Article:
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Meryl on Margaret

Women and Hollywood By Melissa Silverstein | Women and Hollywood April 9, 2013 at 12:00PM

Former British Prime Minister Margaret Thatcher died yesterday. To say that she was a controversial figure is a huge understatement. On top of all the discussions about her work as Prime Minister, one topic that has gotten a large amount of discussion is whether or not she was a feminist. Lionel Shriver in Slate says that Thatcher was a feminist based on her actions. I am of the mind that she clearly made strides for women in politics, but a feminist? Not in my book. But clearly others disagree.
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The Iron Lady

Former British Prime Minister Margaret Thatcher died yesterday.  To say that she was a controversial figure is a huge understatement.  On top of all the discussions about her work as Prime Minister, one topic that has gotten a large amount of discussion is whether or not she was a feminist.  Lionel Shriver in Slate says that Thatcher was a feminist based on her actions.  I am of the mind that she clearly made strides for women in politics, but a feminist?  Not in my book.  But clearly others disagree.

And she didn't agree that she was a feminist either.  I'm going to let her words speak for her: 

The feminists hate me, don’t they? And I don’t blame them. For I hate feminism. It is poison. (As said to an adviser.)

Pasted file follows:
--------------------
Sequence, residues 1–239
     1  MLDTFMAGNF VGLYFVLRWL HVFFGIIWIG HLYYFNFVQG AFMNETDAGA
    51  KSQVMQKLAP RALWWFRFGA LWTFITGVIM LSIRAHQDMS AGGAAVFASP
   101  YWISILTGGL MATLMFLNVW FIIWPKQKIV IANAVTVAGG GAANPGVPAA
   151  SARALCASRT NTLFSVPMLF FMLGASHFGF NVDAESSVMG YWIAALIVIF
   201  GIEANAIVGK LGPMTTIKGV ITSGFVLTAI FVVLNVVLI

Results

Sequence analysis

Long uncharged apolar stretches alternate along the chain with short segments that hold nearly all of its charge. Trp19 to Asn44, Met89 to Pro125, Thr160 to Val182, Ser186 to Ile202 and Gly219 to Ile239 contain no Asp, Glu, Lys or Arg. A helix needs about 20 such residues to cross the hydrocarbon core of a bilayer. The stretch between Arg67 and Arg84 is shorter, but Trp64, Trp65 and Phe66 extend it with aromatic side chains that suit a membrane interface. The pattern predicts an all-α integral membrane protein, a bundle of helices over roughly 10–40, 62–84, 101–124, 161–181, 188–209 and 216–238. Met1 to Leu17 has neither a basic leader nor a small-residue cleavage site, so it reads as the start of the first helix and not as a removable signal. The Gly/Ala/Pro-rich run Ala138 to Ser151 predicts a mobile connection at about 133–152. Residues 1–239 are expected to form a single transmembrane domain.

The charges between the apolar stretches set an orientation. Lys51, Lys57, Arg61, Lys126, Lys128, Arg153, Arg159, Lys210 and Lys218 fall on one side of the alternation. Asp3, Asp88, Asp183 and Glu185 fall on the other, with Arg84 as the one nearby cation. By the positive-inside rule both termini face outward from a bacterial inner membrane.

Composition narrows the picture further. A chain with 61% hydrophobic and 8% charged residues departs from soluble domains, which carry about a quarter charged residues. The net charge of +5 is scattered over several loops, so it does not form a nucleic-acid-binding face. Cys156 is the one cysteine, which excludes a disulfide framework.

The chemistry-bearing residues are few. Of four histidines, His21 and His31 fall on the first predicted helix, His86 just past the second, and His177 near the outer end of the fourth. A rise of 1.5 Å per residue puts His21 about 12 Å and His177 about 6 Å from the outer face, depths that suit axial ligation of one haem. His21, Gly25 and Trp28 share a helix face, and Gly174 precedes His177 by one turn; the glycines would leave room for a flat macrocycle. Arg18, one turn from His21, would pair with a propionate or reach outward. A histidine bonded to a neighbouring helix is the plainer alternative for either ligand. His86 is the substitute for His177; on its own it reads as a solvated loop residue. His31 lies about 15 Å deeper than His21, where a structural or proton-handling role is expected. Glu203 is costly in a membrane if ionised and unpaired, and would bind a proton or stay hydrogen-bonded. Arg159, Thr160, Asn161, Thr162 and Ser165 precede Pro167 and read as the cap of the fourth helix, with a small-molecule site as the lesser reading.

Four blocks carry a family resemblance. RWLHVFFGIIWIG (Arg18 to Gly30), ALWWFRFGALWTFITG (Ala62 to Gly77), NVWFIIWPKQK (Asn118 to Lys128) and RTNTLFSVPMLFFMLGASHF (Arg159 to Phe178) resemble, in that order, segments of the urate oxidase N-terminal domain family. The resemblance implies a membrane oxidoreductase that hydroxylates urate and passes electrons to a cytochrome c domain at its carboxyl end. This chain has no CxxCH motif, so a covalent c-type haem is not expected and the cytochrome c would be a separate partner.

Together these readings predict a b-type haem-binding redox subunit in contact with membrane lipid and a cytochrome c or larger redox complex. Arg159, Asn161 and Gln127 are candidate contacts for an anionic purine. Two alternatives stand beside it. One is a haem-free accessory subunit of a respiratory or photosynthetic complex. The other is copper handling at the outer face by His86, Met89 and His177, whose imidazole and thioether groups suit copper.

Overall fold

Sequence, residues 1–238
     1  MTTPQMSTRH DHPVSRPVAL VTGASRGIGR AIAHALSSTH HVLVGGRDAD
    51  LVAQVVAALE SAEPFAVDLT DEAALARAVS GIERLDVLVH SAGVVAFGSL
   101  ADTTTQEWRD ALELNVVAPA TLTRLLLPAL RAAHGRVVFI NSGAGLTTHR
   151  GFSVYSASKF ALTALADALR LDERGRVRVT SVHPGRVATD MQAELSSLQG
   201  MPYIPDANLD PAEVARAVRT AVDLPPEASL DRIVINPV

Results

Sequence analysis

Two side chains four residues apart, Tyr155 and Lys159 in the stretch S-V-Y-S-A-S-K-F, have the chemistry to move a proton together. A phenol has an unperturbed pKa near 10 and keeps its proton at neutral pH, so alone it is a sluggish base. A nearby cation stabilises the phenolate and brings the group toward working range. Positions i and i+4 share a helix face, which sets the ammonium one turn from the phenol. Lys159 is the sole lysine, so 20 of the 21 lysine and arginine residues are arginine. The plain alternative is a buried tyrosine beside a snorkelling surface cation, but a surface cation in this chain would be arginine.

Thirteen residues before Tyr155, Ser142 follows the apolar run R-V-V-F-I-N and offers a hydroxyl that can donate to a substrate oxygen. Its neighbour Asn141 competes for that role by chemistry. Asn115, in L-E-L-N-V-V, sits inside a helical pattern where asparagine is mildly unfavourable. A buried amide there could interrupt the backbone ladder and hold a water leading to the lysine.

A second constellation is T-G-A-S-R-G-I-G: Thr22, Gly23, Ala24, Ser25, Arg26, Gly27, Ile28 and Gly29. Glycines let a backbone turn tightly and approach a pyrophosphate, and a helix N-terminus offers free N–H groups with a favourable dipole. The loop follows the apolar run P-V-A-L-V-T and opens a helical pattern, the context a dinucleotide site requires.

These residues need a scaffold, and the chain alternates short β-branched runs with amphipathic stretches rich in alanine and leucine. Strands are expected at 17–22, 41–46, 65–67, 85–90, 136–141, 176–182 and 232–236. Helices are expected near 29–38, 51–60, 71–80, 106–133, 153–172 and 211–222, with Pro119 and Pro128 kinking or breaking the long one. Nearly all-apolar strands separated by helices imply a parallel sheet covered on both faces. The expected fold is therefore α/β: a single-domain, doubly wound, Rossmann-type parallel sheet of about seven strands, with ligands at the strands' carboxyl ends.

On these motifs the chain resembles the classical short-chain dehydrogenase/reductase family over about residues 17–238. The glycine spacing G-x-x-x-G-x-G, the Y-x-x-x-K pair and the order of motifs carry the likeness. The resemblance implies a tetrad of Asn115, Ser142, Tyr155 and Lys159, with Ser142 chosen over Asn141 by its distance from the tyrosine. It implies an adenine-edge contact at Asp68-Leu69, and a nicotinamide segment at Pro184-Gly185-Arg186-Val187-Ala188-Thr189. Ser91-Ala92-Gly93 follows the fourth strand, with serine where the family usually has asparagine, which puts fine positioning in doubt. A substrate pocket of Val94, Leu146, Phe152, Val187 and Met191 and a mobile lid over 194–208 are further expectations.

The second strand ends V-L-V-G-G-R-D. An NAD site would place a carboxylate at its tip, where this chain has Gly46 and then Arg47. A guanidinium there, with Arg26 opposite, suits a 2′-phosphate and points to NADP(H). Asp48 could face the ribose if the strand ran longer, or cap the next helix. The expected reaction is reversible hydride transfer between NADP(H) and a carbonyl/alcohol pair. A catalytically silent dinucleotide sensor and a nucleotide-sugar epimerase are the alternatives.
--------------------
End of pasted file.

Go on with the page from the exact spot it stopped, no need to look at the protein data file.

Being a singular woman in politics in a world still full of male politicians, she's been seen all over popular culture.  According to Time she has been portrayed in 5 films and 14 TV shows. Meryl Streep who won an Oscar for portraying Margaret Thatcher in the Iron Lady released a statement upon her death: 

Margaret Thatcher was a pioneer, willingly or unwillingly, for the role of women in politics.

It is hard to imagine a part of our current history that has not been affected by measures she put forward in the UK at the end of the 20th century. Her hard-nosed fiscal measures took a toll on the poor, and her hands-off approach to financial regulation led to great wealth for others. There is an argument that her steadfast, almost emotional loyalty to the pound sterling has helped the UK weather the storms of European monetary uncertainty.

But to me she was a figure of awe for her personal strength and grit. To have come up, legitimately,  through the ranks of the British political system, class bound and gender phobic as it was, in the time that she did and the way that she did, was a formidable achievement. To have won it, not  because she inherited position as the daughter of a great man, or the widow of an important man, but by dint of her own striving. To have withstood the special hatred and ridicule, unprecedented in my opinion, leveled in our time at a public figure who was not a mass murderer; and to have managed to keep her convictions attached to fervent ideals and ideas – wrongheaded or misguided as we might see them now-without corruption – I see that as evidence of some kind of greatness, worthy for the argument of history to settle. 

To have given women and girls around the world reason to supplant fantasies of being princesses with a different dream: the real-life option of leading their nation; this was groundbreaking and admirable.

I was honored to try to imagine her late life journey, after power; but I have only a glancing understanding of what her many struggles were, and how she managed to sail through to the other side. I wish to convey my respectful condolences to her family and many friends.

Question- when was the last time you saw a person from Hollywood release a statement like this on a former world leader?

Margaret Thatcher: The Accidental Feminist (Daily Beast)

Margaret Thatcher: the Iron Lady of British film (The Guardian)

Margaret Thatcher: In Movies and Television (Time)

Muscular Feminism (Slate)

This article is related to: Meryl Streep, Politics, The Iron Lady


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